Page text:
Consumer Privacy: Companies collect, use your online data
WASHINGTON, D.C. - It’s hard to imagine a day without the internet. We use it for almost everything: for work, shopping, getting information and staying connected. As we navigate the web, there’s a lot more going on that we don’t see online. Consumer privacy advocates are concerned about your data rights.
“Consumers are increasingly being tracked in a number of different ways,” said Susan Grant, a senior fellow with the Consumer Federation of America, a nonprofit association of consumer organizations. Grant focuses on the issue of consumer privacy, which is the handling and protection of personal information given by the customers and how companies and third-party data agencies collect, store and use that information.
These companies can gather a range of info about you, like your name, address, your purchase history, your computer’s IP address, which websites you visit, and even the apps you use.
“When an advertiser wants to find the right audience, for its products and services, there are a lot of middlemen involved,” said Grant. “The companies that for instance, lurk on websites, to follow consumers around to see what they're reading, what they're buying, and what they're interested in, and then follow them from website to website in order to profile them make money by saying to advertisers, we can help deliver an ad to somebody on a website somewhere who's likely to be interested in your products or services.”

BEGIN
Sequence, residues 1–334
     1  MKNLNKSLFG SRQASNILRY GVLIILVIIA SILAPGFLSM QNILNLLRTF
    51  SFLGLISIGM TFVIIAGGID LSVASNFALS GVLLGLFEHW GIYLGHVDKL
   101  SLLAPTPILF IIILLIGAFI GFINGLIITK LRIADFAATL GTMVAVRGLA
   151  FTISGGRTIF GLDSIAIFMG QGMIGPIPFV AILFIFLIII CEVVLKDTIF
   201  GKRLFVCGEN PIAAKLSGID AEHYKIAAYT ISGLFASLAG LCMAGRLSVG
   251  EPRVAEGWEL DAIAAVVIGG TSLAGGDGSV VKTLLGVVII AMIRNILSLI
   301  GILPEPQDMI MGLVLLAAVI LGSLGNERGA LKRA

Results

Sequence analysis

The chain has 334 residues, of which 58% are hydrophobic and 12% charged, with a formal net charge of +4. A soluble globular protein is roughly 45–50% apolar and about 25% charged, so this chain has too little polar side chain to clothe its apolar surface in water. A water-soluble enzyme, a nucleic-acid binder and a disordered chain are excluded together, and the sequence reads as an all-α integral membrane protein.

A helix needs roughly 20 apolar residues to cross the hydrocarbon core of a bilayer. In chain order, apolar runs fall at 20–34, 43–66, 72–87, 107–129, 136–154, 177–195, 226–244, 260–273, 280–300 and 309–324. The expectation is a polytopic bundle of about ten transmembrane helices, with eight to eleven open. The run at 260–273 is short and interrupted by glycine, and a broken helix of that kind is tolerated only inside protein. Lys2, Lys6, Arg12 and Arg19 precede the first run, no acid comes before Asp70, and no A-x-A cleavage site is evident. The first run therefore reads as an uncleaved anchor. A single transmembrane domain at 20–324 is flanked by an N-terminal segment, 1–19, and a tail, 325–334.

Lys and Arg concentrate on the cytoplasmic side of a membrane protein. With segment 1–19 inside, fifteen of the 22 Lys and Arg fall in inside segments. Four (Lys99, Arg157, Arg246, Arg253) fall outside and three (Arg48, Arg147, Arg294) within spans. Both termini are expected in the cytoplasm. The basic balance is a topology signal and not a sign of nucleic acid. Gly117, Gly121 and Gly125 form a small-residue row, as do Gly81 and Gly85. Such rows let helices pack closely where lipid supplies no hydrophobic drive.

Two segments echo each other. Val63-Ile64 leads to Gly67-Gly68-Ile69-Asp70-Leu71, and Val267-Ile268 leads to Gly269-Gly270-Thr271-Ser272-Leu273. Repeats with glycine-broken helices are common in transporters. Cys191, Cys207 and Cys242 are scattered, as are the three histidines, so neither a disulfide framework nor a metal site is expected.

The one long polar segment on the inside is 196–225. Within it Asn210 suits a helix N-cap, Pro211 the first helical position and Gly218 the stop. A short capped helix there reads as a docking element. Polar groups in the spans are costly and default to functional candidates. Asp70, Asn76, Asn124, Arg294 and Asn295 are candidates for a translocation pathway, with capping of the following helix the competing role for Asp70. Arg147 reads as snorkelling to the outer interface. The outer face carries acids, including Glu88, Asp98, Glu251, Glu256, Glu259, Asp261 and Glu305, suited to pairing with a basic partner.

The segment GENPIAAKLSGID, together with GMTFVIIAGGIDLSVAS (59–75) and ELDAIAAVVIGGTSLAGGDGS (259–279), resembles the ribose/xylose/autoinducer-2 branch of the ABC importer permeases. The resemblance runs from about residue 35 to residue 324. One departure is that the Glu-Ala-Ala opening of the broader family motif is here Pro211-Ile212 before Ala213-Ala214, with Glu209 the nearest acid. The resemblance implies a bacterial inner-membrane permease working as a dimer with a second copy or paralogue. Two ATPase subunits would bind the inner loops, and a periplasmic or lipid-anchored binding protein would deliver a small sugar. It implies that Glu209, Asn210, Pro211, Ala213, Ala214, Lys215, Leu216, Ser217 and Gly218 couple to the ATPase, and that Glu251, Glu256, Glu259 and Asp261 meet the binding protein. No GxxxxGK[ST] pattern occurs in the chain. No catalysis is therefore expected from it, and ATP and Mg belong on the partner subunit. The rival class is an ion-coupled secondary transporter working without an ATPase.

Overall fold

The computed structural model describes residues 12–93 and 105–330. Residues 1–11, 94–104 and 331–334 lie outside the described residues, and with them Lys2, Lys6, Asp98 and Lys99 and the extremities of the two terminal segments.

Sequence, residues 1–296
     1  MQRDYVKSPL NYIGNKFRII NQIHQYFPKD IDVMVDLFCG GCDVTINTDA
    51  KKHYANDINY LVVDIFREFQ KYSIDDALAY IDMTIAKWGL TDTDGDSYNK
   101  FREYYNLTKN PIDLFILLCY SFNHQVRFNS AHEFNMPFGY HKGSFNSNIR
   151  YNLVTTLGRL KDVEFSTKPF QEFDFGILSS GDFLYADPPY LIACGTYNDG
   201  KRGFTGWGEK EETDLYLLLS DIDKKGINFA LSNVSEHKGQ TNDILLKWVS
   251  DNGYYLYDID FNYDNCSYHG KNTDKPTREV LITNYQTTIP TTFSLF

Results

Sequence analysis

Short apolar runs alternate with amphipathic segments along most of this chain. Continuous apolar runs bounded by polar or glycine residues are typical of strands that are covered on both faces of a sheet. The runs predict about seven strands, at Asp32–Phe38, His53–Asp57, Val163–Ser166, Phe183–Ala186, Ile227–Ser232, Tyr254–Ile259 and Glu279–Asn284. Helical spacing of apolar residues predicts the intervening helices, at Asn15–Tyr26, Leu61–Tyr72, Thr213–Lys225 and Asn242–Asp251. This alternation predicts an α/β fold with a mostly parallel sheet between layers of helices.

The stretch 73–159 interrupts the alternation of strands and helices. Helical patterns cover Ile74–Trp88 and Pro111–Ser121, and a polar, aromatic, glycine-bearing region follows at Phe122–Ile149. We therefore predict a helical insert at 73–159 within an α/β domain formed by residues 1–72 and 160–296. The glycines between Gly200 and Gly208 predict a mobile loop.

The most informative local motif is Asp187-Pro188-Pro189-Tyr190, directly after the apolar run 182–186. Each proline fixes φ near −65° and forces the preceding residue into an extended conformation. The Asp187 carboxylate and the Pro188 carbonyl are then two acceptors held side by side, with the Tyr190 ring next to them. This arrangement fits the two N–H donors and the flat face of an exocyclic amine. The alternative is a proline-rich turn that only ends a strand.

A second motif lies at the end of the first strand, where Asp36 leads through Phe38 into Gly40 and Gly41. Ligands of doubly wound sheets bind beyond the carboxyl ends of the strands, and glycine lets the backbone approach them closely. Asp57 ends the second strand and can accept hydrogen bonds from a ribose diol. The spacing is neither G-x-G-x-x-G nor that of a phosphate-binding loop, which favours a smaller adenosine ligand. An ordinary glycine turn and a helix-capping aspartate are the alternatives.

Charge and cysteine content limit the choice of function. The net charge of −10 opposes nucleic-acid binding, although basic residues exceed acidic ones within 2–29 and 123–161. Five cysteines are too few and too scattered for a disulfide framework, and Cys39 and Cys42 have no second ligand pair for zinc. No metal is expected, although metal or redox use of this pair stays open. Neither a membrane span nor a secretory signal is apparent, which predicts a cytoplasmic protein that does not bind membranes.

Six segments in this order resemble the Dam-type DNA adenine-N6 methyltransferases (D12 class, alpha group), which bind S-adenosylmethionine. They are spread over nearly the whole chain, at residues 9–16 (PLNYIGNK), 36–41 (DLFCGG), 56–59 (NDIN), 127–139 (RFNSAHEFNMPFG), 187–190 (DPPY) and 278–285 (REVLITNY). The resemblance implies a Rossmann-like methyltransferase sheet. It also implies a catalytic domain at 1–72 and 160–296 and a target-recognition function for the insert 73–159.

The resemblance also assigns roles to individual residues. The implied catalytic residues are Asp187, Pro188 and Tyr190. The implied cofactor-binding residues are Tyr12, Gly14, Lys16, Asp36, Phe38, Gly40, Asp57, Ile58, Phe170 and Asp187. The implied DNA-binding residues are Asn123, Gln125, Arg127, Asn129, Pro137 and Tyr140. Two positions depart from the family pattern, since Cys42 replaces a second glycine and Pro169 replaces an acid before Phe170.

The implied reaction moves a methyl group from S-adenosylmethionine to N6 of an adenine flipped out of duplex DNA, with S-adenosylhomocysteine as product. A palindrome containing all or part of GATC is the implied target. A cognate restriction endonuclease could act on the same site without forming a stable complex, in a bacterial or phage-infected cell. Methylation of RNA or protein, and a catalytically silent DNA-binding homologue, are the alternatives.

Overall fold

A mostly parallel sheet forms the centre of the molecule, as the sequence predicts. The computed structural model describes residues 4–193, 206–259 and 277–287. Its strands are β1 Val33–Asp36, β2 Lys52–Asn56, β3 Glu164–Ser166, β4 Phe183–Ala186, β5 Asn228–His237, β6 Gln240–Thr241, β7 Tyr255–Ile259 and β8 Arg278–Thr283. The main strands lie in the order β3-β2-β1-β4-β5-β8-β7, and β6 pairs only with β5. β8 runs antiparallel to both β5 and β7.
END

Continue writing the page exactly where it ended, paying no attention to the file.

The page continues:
Businesses argue that they use this formation to improve customer experience by modifying their digital presence, goods or services to better suit the current marketplace and change their marketing strategy to target those who are more likely to engage.
“And that can seem relatively benign, but even then, an ad that's delivered to you on your phone or on your computer or even that you get in the mail may offer you one particular deal based on profiling you somebody else might be offered a quite different deal from the same company,” added Grant.
The Federal Trade Commission is supposed to oversee privacy and security enforcement and can initiate privacy cases if a company is using unfair and deceptive acts and practices in the marketplace. The FTC declined an interview with us. Grant said the FTC falls short in protecting privacy rights because they should set the rules for the road as for what kind of info can be collected and used by companies.
In the meantime, Grant encourages state legislatures, even congress, to look into strengthening privacy laws, but it might not be an easy task.
“There are a lot of very powerful interests that want to ensure that whatever state legislatures do, it doesn't interfere with their current business practices,” said Grant.